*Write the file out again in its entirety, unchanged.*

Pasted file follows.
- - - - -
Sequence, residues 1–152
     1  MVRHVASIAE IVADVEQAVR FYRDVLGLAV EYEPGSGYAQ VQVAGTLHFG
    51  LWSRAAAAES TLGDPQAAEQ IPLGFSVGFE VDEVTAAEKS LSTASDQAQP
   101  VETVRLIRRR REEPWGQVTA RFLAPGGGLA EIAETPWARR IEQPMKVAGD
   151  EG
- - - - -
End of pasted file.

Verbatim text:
Sequence, residues 1–152
     1  MVRHVASIAE IVADVEQAVR FYRDVLGLAV EYEPGSGYAQ VQVAGTLHFG
    51  LWSRAAAAES TLGDPQAAEQ IPLGFSVGFE VDEVTAAEKS LSTASDQAQP
   101  VETVRLIRRR REEPWGQVTA RFLAPGGGLA EIAETPWARR IEQPMKVAGD
   151  EG